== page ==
The Alzheimer's Store Featured Product!




Item #0029 Memory Phone


Simply push the picture of the person you want to call - the Memory Phone does all the rest!


Recipe Of The Week      
This dish has a flavor so exquisite that it defies this very simple preparation. Once people taste these clams, they can never get enough. Grilled Clams are best made with small, special count littlenecks (about 1 1/2-inches wide). It's really easy, you put the clams directly over the hot fire and as soon as the shells pop open, you must take them off the grill or they will burn right through the shells. Place them right onto a bed of rock salt to hold them steady and spoon a few drops of sauce on each clam. If you are using a Great Grate, you can just remove the grate; no rock salt is needed. For equipment you will need a grill, grill brush and a pair of long tongs. The "Great Grate" is optional, but makes the job much easier.                                                    

Grilled Clams With Garlic Butter  


 1 1/2 pounds littleneck clams, well scrubbed (about 24) 
8 tablespoons cold, unsalted butter, cut into small pieces, divided 
4 large garlic cloves, minced (about 3 tablespoons) 
1/4 cup white wine 
1/4 cup heavy cream 
2 tablespoons minced chives 
Kosher or sea salt and freshly ground black pepper
Preheat a grill or Great Grates over medium heat. 
Scrub and rinse the clams. Keep refrigerated until ready to use. 
To make the sauce:
Melt 3 tablespoons butter in a 1-quart saucepan over low heat until it is foamy. Add the garlic and saute, stirring, until it is fragrant but does not color, about 30 seconds. Add the white wine and heavy cream, increase the heat to medium-high and reduce by half, about 8 minutes. Add the remaining butter 1 piece at a time, whisking constantly, until the sauce is shiny, emulsified, and thick enough to coat the back of a spoon. Remove the saucepan from the heat. Add the chives and season with salt and pepper. Keep the sauce warm until ready to serve.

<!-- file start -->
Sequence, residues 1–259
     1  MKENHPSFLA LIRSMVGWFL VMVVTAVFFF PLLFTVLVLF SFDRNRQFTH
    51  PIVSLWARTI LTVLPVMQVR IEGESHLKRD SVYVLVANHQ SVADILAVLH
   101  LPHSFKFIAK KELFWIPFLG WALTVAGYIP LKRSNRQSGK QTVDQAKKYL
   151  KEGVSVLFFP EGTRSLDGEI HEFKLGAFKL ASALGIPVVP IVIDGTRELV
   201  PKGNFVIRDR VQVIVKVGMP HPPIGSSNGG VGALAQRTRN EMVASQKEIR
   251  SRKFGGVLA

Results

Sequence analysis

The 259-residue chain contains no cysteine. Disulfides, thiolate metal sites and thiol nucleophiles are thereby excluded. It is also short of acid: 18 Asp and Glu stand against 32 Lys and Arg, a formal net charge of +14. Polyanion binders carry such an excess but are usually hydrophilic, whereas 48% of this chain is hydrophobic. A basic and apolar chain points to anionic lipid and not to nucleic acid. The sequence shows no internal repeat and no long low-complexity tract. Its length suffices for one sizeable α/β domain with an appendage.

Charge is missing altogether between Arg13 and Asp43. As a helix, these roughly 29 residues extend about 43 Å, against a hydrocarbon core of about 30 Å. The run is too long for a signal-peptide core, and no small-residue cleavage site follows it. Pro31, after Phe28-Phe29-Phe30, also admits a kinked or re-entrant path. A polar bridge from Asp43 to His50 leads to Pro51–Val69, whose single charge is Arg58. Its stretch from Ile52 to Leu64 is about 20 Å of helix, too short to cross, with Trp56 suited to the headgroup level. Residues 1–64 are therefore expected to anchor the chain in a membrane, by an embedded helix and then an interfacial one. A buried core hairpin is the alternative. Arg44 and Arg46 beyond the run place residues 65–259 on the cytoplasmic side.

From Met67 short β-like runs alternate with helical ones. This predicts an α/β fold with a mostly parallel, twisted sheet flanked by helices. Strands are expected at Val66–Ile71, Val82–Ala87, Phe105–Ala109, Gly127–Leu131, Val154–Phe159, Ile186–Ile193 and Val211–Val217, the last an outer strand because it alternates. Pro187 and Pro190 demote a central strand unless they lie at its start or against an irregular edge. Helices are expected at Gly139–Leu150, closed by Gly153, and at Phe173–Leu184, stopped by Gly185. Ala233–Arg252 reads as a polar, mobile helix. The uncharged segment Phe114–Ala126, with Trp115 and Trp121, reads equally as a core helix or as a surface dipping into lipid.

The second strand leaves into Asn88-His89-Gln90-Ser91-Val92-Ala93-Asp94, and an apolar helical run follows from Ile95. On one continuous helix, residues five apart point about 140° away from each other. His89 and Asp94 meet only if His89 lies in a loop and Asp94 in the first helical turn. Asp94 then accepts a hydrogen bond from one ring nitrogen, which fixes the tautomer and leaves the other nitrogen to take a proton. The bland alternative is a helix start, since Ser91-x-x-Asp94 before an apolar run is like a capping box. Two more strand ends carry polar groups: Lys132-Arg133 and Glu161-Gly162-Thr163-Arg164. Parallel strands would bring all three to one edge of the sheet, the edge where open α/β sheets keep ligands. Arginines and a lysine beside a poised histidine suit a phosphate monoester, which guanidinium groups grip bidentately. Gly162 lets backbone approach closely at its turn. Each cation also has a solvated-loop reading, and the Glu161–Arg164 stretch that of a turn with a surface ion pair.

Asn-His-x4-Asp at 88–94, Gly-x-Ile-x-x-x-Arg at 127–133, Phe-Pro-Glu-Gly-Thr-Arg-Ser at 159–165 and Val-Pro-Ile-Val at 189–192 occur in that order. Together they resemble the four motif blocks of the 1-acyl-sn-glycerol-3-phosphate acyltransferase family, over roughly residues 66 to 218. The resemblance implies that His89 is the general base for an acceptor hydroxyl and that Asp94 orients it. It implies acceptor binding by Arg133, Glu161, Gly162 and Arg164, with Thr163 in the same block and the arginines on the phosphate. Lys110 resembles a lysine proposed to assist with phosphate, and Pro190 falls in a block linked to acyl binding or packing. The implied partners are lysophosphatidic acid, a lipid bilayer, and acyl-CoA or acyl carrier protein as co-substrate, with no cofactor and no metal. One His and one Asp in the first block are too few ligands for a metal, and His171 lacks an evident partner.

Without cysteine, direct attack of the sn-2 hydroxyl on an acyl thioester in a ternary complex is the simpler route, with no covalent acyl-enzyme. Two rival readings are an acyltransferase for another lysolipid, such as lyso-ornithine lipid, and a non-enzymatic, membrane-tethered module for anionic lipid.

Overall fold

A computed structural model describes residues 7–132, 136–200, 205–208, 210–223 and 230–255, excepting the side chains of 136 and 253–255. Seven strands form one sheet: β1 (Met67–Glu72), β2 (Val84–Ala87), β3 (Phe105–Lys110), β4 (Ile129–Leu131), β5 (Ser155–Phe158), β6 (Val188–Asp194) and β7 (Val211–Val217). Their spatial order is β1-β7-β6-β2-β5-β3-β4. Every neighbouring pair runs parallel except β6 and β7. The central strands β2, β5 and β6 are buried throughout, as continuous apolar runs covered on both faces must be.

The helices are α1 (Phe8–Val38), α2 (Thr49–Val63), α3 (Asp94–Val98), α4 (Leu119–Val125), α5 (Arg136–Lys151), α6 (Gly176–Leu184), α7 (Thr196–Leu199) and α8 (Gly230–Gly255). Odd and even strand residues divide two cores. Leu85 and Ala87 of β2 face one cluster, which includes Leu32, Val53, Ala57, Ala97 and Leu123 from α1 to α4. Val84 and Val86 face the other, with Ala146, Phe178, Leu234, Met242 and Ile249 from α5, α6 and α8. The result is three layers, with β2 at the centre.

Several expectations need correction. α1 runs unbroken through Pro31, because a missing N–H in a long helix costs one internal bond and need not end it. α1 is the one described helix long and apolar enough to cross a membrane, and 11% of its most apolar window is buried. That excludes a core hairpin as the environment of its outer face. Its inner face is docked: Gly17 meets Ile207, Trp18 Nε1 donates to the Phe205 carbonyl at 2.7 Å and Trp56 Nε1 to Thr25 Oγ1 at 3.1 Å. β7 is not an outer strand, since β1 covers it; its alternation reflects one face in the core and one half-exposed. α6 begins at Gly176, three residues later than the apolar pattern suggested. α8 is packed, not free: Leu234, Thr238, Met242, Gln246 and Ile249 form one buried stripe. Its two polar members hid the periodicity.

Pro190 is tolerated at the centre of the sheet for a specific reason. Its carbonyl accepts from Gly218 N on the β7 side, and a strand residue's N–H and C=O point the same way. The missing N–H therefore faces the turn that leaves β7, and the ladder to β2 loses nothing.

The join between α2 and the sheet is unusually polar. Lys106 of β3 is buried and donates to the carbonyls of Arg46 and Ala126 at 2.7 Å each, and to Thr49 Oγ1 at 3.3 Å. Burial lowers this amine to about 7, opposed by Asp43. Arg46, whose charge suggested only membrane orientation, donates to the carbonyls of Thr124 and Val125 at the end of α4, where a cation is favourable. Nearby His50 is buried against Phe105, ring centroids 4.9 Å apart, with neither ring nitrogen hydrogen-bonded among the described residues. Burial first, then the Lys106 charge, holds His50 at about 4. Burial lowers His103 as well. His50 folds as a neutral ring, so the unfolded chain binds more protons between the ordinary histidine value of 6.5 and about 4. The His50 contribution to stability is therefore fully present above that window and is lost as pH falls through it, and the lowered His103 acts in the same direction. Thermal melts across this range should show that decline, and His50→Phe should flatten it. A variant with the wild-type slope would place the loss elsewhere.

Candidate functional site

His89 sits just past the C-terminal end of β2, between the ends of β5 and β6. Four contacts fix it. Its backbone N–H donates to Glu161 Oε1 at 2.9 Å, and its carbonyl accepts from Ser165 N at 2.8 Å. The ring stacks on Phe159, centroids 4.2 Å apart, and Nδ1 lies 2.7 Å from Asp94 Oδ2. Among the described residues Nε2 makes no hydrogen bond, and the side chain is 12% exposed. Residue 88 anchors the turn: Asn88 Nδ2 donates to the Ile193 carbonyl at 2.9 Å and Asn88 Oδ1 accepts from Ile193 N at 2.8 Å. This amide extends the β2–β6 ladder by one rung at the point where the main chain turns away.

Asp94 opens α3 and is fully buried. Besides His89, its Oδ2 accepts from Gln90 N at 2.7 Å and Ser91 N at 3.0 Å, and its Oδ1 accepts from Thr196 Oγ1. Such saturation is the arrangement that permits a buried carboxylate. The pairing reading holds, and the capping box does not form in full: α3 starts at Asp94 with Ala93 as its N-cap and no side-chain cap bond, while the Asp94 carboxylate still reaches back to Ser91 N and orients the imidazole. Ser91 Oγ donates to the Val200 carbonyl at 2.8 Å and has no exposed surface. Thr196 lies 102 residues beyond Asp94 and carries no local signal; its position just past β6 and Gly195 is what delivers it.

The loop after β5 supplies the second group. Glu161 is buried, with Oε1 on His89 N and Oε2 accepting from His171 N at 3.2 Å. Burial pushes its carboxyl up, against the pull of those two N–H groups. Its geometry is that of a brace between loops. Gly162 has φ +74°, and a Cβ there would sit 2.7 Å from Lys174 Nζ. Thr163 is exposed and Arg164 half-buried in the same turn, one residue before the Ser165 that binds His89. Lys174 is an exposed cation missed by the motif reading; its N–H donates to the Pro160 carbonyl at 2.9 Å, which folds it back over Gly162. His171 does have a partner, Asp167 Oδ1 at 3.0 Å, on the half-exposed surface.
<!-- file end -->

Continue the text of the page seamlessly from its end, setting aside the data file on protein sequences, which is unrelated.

Set up the littleneck clams on the grill or Great Grates or place them directly on the grill. Cook the clams without turning them. As soon as the clams pop open, after 8 to 10 minutes, transfer them carefully with tongs to a platter (or plates) of rock salt. If you are using a Great Grate, this won't be necessary. Use the tongs to pry off the top shells. Spoon 1 teaspoon sauce over each clam and serve immediately. 

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Events Calendar: (if you would like to list your upcoming event, email us at contact@alzstore.com)


Aug 21st - 8:30 am - 4:00 pm - Hofstra University Aging IN Place Suburbia Conference & Expo / Hempstead, NY

Aug 21st & 28th 5:30-7:30 pm - Alzheimer's & Dementia Lecture Series / Escondido, CA

Aug 21st - 1:00-3:00 pm - Living With Alzheimer's / Farmington, MI

Aug 24th - Alzheimer's Riding For The Memory / Racine, WI

Aug 24th - Walk to End Alzheimer's / Sterling, CO

Aug 24th - Shop For A Cause / Providence, RI

Aug 28th 5:00-8:00 pm CDT - Fun-Raiser To SupportAlzheimer's Association / Schaumburg, IL




Take a guess at these trivia questions ..answers will be posted in next week's newsletter

1. The technological device that produce images on television screens is called a CRT which stands for what?
2. This aquatic animalfoud mostly in Autralia has a bill like a duck, dense fur, webbed feet and a broad flattened tail. What kind of animal is this?
3. Which explorer wrote the books; in 1878, Through The Dark Continent and in 1890, Darkest Africa?

**email your answers to contact@alzstore.com to be in the running for a free gift! Winner will be chosen at random at the beginning of the month...

Answers to last week's trivia; 5 / Cuba / $28.80